We already have Data Governance, don’t we?
Most companies have some type of Data Governance in place. Whether it be tracking who has access to certain data, how to onboard new data sets, common terms for data types etc. But often this information is in disparate places, not updated regularly and isn’t bound to a particular framework or standard. The below image outlines the most common issues with patched together Data Governance programs.
Common user stories related to Data Governance issues
Everyone who values data needs to be involved
Below are some of the most common roles within a Data Governance program. These vary depending on each company and Data Governance maturity level.
Data Governance empowers teams and individuals to do more, with confidence. Data is everyone’s business.
So what could it look like if implemented correctly?
A common problem with data within the enterprise is getting access to quality data and in a timely manner. This affects both the business (not getting access to the data) and IT (getting inundated with data requests that are hard to decipher). Below is a sample workflow to show how Data Governance can speed up the process and at the same time govern access. This may be a business unit getting access to the data they need to run analytics or create a report to make business decisions.
Change Request/Issue Management
In addition to the above data access workflow, efficient change and issue management are also important in keeping the flow of quality data moving. Data is constantly changing. New or changed fields (e.g. rename a CRM field), new definitions, new applications, new databases etc. Each time a change happens it needs to be managed through an efficient process. Below is an example of a new HR SaaS being implemented in a company (e.g. Workday). As the application and associated data is brought into the company and the HR team wants to make use of the data, there is a number of steps that needs to be followed before they can use it. If the process is held up at any of the points below it can have a negative knock-on effect. Add this to an already busy queue of work and the time taken to reach business goals will be pushed back and may start to affect critical business functions.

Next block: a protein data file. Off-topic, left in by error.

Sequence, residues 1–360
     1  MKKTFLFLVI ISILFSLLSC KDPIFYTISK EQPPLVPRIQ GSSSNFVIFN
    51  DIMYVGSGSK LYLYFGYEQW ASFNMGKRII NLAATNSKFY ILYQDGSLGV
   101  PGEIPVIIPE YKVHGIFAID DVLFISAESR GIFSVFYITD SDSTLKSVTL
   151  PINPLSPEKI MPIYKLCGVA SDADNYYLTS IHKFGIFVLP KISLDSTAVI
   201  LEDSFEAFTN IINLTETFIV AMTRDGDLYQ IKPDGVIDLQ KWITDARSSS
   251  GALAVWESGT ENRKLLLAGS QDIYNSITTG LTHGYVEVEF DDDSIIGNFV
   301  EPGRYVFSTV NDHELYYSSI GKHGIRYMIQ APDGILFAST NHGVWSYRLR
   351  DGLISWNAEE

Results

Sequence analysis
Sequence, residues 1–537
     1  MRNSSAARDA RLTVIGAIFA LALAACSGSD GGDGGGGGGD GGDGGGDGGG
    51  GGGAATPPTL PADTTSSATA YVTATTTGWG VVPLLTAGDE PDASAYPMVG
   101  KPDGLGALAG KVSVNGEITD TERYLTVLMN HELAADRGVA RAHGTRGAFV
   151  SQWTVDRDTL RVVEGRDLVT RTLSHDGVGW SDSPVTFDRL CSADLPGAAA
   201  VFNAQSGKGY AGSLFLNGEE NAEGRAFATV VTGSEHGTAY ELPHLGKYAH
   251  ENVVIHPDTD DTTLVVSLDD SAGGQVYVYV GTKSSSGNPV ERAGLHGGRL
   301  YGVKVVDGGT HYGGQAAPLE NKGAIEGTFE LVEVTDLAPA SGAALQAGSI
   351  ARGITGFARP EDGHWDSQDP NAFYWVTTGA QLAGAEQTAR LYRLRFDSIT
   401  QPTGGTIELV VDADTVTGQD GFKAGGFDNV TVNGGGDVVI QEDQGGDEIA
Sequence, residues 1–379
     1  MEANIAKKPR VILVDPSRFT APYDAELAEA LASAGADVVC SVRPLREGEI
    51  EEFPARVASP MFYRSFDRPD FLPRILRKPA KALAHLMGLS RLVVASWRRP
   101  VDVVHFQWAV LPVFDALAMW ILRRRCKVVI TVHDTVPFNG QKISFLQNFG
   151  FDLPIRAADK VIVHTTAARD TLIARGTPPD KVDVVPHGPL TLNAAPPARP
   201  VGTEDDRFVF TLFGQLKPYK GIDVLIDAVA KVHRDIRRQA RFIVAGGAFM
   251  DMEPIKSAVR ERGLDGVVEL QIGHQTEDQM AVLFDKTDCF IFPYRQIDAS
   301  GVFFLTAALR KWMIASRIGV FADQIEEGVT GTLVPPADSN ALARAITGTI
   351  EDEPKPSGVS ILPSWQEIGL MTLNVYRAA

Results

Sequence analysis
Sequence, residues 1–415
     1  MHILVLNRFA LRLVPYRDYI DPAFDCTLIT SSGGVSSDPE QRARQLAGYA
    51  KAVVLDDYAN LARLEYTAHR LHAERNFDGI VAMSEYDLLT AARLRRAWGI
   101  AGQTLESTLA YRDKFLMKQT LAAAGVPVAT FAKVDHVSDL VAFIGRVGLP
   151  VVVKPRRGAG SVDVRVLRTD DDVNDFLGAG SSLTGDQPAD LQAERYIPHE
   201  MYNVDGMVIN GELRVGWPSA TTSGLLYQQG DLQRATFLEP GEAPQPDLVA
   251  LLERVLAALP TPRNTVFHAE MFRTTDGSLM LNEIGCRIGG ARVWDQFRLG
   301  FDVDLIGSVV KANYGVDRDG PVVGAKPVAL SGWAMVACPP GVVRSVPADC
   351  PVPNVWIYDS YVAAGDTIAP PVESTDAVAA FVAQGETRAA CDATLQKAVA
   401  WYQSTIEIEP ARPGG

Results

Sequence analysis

What software or frameworks are available that can make the process more manageable and increase the chances of success?
There is no right or wrong way to implement a Data Governance program. Every company is different in it’s own way. At the same time, there is a lot of similarities between them and the way data needs to be managed. There is a number of tools and frameworks that have identified this and can make the whole process much easier. DAMA (The Global Data Management Community) has a comprehensive framework outlined in their DAMA-DMBOK: Data Management Body of Knowledge and another popular framework is MIKE 2.0 Method for an Integrated Knowledge Environment. These are often considered the industry standard. There are a number of software vendors (both in-house and SaaS) that provide solutions targeted towards making Data Governance easier to implement and manage for the enterprise. These include Erwin, Collibra and Informatica. Even Microsoft Azure and AWS cloud providers have some Data Governance functionality built-in, or offer tools to assist their customers.
The difference between these various offerings is usually the depth of features the vendor has and whether they are targeted towards the business or IT. Typically, products targeted towards the business are better received because they have a higher rate of adoption and keep the business users engaged. It’s recommended that companies should conduct a vendor assessment when looking to implement a solution to ensure it fits their needs. The key thing to remember is, Data Governance is not a project, it’s a practice.
If you would like to talk to one of our consultants about performing a data governance gap analysis for your organisation, assistance with a vendor assessment or anything data governance related, please head to our contact page.